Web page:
The Czech made coins at an Italian Court
January 28, 2012 § 4 Comments
In the Central Bohemia Region lies a once very wealthy medieval town called Kutna Hora. Since they discovered silver deposits during the 13th century, this town established its wealth and prosperity through mining silver and minting coins. That was pretty much like getting rich by printing money. So the growing economy made it the second most important town at the time after Prague, both politically and culturally.
After visiting the unique bone church of Sedlec, I thought I could take a bus into the historic old town of Kutna Hora. However, the bus didn’t run as frequent as I thought. With no cabs insight, I followed the main road and walked for a little over half an hour. At first, it was just like some boring modern town, then it turned into some narrow cobblestone streets. Being in a town with such history, how could you not visit the Italian Court? It was the place where they manufactured their silver coins! I joined their English tour, which was the only option to see the inside of it. However it provided a lot of interesting history, and well worth it.
The Italian Court used to be a fortress guarding the trade route, a coin factory, a royal residence, a city hall, a hospital, a girls school and even a prison. If I remember correctly, it was named “italian” as they actually employed coin-making experts from Milan, in order to create the best quality of silver coins that the King desired. Therefore the first edition of coins contained high concentration of silver and they were proud of the great quality. However as the supply of silver decreased, they had to gradually lowered the silver concentration. (Probably from 90% down to 30%, if I remember it right.) At the beginning of the tour, I was in a room with all different edition of coins, comparing their design and quality.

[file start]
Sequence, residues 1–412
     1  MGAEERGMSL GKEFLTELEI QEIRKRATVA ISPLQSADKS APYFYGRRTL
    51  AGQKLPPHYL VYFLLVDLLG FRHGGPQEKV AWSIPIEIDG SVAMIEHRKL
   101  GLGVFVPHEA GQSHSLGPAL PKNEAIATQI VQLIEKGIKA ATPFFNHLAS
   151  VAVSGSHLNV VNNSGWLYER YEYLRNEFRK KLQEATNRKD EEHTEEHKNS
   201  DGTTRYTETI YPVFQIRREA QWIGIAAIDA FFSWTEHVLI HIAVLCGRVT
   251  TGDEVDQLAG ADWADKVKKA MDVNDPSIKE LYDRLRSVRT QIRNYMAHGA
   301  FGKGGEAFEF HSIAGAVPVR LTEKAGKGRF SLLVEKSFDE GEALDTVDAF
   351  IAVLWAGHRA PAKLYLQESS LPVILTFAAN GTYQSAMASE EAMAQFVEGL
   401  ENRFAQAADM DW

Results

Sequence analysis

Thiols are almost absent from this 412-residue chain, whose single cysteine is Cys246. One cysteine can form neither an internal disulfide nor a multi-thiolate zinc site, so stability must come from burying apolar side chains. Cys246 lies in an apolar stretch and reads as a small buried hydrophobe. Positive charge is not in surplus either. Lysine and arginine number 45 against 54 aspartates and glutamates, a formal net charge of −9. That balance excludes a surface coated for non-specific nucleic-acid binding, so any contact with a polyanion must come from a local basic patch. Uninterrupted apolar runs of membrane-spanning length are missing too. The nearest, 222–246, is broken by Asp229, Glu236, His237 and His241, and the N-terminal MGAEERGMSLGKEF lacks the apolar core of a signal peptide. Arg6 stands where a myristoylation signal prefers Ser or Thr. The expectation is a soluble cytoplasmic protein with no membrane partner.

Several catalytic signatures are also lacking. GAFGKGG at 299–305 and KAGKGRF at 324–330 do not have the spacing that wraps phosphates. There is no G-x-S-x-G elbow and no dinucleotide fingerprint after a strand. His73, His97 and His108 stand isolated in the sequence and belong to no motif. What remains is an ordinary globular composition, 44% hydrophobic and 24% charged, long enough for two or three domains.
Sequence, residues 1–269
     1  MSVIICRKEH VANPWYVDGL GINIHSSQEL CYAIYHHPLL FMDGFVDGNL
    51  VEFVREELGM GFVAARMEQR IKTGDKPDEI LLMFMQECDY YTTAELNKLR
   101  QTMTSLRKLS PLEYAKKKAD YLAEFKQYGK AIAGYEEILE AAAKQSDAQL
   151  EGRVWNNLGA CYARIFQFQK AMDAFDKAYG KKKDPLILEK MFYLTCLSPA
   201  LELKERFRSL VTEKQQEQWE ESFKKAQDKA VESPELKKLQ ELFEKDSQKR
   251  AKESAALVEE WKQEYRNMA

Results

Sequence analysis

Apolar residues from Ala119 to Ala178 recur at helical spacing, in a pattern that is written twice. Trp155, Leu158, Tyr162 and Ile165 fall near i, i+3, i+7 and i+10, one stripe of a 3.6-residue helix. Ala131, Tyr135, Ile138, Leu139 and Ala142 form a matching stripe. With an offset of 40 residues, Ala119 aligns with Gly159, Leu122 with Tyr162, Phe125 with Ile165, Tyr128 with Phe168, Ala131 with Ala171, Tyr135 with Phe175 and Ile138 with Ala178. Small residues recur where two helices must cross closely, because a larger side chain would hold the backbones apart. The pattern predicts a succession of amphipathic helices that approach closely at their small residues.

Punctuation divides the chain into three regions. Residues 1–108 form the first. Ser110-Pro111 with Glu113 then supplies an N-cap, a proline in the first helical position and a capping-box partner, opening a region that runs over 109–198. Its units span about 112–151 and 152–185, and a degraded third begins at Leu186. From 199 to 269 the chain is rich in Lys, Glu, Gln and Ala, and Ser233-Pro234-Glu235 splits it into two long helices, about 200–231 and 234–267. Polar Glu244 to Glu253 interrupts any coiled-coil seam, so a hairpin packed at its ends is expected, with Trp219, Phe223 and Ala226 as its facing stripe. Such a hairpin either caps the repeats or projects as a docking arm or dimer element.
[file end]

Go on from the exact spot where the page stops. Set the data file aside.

The coin making process was shown with a mock demonstration. It was a very tough job, and the craftsman had to pounder the heavy hammer to make 2000 coins a day. However they were very well paid, as they get to keep a portion of what they made for the day as payment (I think it was 20 coins, when average wage was 5 coins a day). Since the workshop was so noisy, most of the craftsmen had bad hearing. There was a joke saying coin makers made very good husbands, as they were wealthy, physically strong and deaf, so the wives could yell at them all day long 😉
Another interesting fact: When the craftsman do the hammering job, someone had to hold the mold in place underneath. Unsurprisingly, the one holding the mold could get his hands crushed easily. Therefore this job often fell onto prisoners. If they didn’t get injured for 3 years while working in the workshop, they took it as a sign of God’s clemency: the crime and sin of that prisoner would be pardoned. Hmmm would you risk it?
We have also visited the city hall section, which held weddings nowadays, as well as a small chapel with a lovely antique altarpiece. All in all, it was a very fun and informative tour, especially with such a passionate tour guide. Don’t hesitate to join this tour if you’re in town!